The response to the dressing down Newt Gingrich handed CNN moderator John King for his questions about the onetime House speaker’s serial marrying at a recent presidential debate in South Carolina revealed, if nothing else, the tenuous arrangement between a people and its press.
Gingrich’s answer, which the audience loudly approved of, harkened back to his response when asked in 1995 whether he preferred boxers or briefs and was a good one for the Speaker, who has been pulling his blame-the media schtick forever; the question of his fidelity has sunk like a rock in still water.
But King’s question was a softball; he merely asked Gingrich if he wanted to respond to an allegation from just the day before by his second wife that he sought her sanction for a relationship he was already enjoying with his third wife before she had become his third wife.
Gingrich called the news media “destructive, vicious” and “negative,” as good a deflect by a politician as any I’ve heard at turning one’s own bad behavior into a political asset. You’d have thought he was talking about Checkers.
King’s opening the debate with a question about the day’s elephant in the room, was no example of the media’s blind hatred for Gingrich. It was a fair and obvious question, but not as revealing as Gingrich’s answer in highlighting concerns about his character, evidence of which was on full display following his loss to Mitt Romney in Nevada the other night when he blamed Romney for his loss, for his own decision to go negative, for everything that has failed to break Gingrich’s way.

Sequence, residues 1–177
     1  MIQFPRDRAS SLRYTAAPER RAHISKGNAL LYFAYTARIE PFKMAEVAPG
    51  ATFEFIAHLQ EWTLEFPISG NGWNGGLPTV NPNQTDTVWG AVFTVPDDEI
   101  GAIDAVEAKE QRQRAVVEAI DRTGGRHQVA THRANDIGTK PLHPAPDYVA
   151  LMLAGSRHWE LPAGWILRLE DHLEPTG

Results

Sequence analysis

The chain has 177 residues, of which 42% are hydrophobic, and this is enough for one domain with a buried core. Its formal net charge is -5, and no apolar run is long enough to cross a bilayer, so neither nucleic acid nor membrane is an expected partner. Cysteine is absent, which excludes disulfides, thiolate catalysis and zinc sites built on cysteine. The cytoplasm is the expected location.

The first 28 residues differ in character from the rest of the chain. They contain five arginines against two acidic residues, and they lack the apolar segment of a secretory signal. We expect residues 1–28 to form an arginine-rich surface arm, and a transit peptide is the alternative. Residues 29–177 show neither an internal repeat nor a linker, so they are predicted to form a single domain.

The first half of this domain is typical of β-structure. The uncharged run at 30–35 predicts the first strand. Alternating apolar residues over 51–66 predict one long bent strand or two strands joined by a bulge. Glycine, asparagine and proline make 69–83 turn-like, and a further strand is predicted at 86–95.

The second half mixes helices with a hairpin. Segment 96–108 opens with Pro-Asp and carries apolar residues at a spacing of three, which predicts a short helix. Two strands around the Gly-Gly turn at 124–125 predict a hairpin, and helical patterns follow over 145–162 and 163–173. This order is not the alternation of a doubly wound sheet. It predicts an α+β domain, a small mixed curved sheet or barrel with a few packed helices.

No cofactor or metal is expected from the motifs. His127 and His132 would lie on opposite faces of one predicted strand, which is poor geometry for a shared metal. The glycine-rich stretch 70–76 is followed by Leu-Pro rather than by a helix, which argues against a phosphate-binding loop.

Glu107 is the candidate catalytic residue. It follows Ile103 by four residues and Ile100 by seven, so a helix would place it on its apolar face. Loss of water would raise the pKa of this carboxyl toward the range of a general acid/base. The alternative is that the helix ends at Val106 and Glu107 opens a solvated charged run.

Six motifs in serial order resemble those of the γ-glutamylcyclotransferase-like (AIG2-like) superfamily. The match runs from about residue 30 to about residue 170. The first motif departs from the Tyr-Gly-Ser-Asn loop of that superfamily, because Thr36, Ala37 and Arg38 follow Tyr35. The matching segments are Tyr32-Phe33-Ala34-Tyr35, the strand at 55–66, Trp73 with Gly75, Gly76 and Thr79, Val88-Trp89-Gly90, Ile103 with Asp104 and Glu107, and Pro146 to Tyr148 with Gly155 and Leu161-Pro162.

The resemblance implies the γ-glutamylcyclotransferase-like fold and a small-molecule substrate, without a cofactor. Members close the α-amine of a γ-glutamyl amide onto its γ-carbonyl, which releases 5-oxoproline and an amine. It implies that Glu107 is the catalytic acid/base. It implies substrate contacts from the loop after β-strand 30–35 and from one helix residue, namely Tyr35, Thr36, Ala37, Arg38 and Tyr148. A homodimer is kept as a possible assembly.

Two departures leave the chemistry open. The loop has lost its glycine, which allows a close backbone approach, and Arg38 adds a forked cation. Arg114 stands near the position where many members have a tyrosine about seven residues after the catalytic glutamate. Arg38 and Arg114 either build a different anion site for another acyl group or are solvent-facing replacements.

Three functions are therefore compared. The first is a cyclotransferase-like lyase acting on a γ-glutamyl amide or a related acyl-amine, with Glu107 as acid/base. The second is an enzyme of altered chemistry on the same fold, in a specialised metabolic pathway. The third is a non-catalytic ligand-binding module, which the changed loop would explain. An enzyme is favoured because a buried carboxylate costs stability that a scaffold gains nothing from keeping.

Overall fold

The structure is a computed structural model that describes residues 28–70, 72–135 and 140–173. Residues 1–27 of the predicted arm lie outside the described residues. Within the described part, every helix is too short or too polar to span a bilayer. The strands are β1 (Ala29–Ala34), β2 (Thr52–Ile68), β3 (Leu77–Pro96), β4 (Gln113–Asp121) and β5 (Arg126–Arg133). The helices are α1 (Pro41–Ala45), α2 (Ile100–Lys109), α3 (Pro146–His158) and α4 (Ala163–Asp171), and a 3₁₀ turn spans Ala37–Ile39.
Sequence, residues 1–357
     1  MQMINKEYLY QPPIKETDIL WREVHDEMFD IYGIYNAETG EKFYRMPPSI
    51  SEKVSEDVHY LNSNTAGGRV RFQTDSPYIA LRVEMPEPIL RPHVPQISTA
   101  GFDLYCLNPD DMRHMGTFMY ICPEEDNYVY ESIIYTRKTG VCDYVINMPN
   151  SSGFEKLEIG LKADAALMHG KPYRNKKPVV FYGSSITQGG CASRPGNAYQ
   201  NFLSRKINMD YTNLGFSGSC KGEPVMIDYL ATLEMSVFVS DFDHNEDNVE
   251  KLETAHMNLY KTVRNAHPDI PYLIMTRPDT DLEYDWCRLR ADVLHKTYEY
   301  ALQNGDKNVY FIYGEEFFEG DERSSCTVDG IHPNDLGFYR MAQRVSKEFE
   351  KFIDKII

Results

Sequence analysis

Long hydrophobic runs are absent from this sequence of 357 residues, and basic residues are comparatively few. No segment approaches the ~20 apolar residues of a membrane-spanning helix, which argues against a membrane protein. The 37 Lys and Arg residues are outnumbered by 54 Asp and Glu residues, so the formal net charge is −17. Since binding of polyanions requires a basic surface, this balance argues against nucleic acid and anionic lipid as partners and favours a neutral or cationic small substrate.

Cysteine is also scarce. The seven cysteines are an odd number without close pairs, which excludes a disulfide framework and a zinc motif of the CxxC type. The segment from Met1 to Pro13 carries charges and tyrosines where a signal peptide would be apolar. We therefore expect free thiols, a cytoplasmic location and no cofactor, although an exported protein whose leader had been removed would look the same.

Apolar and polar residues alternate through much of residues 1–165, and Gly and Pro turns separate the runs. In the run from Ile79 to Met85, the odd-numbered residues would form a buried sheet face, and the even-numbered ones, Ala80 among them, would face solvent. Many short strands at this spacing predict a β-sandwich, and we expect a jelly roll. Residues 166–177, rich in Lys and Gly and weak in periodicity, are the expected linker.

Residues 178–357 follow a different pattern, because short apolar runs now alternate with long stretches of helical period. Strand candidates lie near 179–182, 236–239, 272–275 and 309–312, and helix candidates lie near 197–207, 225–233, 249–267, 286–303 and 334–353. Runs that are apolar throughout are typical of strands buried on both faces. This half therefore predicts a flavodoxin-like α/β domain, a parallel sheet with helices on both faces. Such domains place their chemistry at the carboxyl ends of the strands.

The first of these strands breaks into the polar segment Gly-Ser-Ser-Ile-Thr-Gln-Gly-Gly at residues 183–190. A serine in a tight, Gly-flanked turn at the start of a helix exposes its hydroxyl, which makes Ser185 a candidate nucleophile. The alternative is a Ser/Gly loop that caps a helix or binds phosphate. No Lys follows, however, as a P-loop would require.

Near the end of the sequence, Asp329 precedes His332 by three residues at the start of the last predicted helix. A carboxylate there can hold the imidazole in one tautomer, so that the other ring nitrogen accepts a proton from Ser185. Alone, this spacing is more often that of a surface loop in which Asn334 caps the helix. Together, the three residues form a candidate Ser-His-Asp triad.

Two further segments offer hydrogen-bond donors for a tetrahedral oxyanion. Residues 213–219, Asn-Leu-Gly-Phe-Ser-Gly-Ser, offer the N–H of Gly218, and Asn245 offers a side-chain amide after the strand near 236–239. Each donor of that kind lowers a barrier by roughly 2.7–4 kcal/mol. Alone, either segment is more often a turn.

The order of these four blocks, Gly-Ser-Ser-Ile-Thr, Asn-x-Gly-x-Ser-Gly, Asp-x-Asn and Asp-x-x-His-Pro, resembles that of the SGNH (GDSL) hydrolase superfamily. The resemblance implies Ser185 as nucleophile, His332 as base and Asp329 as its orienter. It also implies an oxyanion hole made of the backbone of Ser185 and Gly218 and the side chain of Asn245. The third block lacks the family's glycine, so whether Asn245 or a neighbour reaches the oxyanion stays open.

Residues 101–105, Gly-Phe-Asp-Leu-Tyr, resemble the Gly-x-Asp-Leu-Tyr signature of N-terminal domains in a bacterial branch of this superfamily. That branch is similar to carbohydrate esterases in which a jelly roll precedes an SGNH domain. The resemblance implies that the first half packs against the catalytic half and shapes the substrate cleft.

To see the press at its less than best, however, one should consider its reporting of the recent disclosure that Susan Komen for the Cure foundation would discontinue funding to Planned Parenthood.
As pointed out recently by both New York Times columnist Ross Douthat, and also by conservative pundit Kathleen Parker, the media’s coverage of Komen’s decision carried the built-in assumption that readers would agree that Komen erred in cutting funding to Planned Parenthood, when, in fact, that half of all U.S. citizens who oppose abortions might see it as a good decision on Komen’s part to distance itself from such a politically contentious organization.
When it comes to the issue of abortion, writes Douthat, the media’s “prejudices are often absolute, its biases blatant and its blinders impenetrable.” Indeed, he notes, the media turned the topic on its head, effectively accusing Komen of politicizing the issue of women’s health, even as it failed to note the pre-existent political stripes of Planned Parenthood that might have led to the foundation’s conclusion to cut funds in the first place.
For asking the questions, half-formed or otherwise, on the minds of readers and viewers, the media must sometimes take its lumps. It’s all part of the job, even if, in asking, it appears to slant this way or that.
But telling the story betraying no slant at all — that’s part of the job too. The biggest part.
—Robert Snyder is managing editor of the Spirit of Jefferson.